Only Yesterday (1991)
Whenever we hear something about Studio Ghibli, we instantly think of the name Hayao Miyazaki as the master of story-telling. Yet some fans even forget that this wonderful Japanese animation studio has another great master. He may be lesser known than Miyazaki-sama, but his ability to tell stories is nothing short of brilliant. Isao Takahata is one of the studio's co-founders and while his films were released in the United States, people often associated his name with the emotionally heart-aching Grave of the Fireflies
. While his other films, such as Pom Poko
and My Neighbors the Yamadas
got a US DVD released. Unlike Grave of the Fireflies
, which has the air and power of a Schindler's List
-esque, these two films were more light-hearted and comical.
But then last year, Isao Takahata's name became more well known when Disney translated and released the English dubbed version of his wonderful The Tale of Princess Kaguya
. Yet, there was still one more of his film that went unnoticed until now. Only a few weeks ago, Only Yesterday
remained the only Studio Ghibli film that hasn't been dubbed by Disney. First released in 1991, this film was based on the manga of the same name and it tells a story about a woman named Taeko Okajima (Star Wars: The Force Awakens'
Daisy Ridley), a Tokyo office worker planning to take a 10-day vacation. Her sister's husband owns a farm in Yamagata, and since she had such a nice time there previously, she wanted to visit her distant in-laws again. Throughout her trip, Taeko suddenly remembered her childhood back in 1966 and the audience would occasionally see the young Taeko (Alison Fernandez) in the the 5th grade following her around. Taeko doesn't understand why her mind drifted back to her 11-year-old self or why this 5th-grade version of her followed her to her trip, bot Taeko remembered both the times that were good and bad for her.
Needless to say, Only Yesterday
isn't a Studio Ghibli film about fantasy and wonder, not even the kind where children discover wonderful and magical things like in My Neighbor Totoro
. But who is to say that Only Yesterday
isn't magical in itself? Hayao Miyazaki may be the master of taking his characters' stories off the ground, but Isao Takahata is the man who grounds them and still able to make them interesting. Seriously, this man can even make a scene where cutting a pineapple is interesting in this film! There is even a scene where Taeko is picked up by one of her brothers-in-law's second cousins, Toshio (Slumdog Millionaire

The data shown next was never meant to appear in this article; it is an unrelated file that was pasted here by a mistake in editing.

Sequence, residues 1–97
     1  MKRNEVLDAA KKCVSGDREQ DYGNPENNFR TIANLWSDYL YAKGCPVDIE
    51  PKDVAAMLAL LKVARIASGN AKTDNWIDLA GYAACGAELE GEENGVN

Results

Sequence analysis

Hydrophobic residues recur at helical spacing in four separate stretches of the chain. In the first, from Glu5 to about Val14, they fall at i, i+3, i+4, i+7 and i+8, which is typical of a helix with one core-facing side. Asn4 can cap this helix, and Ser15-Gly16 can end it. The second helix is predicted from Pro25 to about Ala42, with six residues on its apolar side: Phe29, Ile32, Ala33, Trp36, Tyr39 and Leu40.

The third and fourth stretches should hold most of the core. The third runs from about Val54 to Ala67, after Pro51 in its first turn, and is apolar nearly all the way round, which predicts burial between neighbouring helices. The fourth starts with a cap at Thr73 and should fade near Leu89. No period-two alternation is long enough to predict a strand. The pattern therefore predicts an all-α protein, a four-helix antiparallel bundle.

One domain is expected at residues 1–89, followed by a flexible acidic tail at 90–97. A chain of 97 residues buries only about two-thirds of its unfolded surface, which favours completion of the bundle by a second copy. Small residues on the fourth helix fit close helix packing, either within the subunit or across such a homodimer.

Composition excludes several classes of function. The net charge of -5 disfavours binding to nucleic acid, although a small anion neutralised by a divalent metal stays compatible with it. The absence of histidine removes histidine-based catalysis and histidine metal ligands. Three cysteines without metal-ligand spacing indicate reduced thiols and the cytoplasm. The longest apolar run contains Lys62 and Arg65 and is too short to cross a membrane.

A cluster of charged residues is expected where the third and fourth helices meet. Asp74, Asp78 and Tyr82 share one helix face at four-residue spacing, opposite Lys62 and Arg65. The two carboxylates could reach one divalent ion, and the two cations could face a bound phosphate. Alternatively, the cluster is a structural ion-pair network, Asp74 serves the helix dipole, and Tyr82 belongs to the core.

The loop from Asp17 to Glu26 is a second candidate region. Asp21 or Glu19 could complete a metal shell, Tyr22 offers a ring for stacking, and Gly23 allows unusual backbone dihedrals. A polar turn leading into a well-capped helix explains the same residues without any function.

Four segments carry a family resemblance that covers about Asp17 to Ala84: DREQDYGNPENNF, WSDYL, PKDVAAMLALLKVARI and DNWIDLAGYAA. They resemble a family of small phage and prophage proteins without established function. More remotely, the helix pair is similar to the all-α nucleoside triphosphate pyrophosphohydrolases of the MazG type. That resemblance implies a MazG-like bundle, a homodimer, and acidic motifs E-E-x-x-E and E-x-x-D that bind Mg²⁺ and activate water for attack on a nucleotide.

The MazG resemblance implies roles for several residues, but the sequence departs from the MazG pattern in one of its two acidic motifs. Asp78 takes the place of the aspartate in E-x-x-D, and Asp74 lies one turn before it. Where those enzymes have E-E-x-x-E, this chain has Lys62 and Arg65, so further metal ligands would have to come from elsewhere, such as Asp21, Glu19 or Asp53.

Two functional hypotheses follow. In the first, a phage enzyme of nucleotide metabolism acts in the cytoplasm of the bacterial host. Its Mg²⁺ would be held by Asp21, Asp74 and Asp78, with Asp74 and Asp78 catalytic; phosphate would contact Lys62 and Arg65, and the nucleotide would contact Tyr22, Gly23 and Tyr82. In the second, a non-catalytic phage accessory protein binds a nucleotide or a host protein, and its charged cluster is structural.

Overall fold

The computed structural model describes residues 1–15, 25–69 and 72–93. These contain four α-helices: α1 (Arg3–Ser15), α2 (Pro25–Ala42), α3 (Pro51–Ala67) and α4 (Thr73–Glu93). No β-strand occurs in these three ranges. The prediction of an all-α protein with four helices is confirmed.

's Dev Patel) in Yamagata and they simply talk about life, farming, and harvesting safflowers for nearly ten minutes. While scenes like this may be too slow for children, it is nonetheless quite realistically engaging for older teens and adults to watch.
I'm very surprised that new-coming British actress Daisy Ridley who just made her biggest debut as Rey from Star Wars: The Force Awakens
last month was able to don an American accent for the English dubbed version of this film. Another great surprise is casting Indian actor Dev Patel as Toshio's, Taeko's love interest. Throughout the film, Taeko reminiscent about her childhood in 1966 Japan. Some were quite comical when it comes to dealing with school and family. During that age, the 5th-grade-Taeko was a selfish brat who didn't do well in school and didn't care. But she does care when girls her age started to experience menstruation bleeding and soon found themselves teased by immature boys as they lift up their skirts, demonizing periods as if it were contagious "cooties". However, other flashbacks were quite sad and disturbing as Taeko is slapped by her father, scrutinized by her mother and older siblings (then again, she did deserved it), and is forced to participate in a semi-pro theatrical endeavor by her cold, indifferent, and strict father. We see that her difficult childhood molded her into the adult we see today.Only Yesterday
shows that Studio Ghibli was will into take chances in making a film that went with a much deeper matter than normal magical fantasy. Like The Tale of Princess Kaguya
, this film shows how a woman tries to function in Japanese society, all the while trying to discover what she truly wants in her life with breath-taking animation and artwork. While Only Yesterday
may have been originally made over twenty-years ago, it's still as fresh as if it was only made yesterday, capturing our hearts. (No pun intended there.) If you cannot find this film in English dubbed, try watching it in its original Japanese with subtitles. I promise it is just as amazing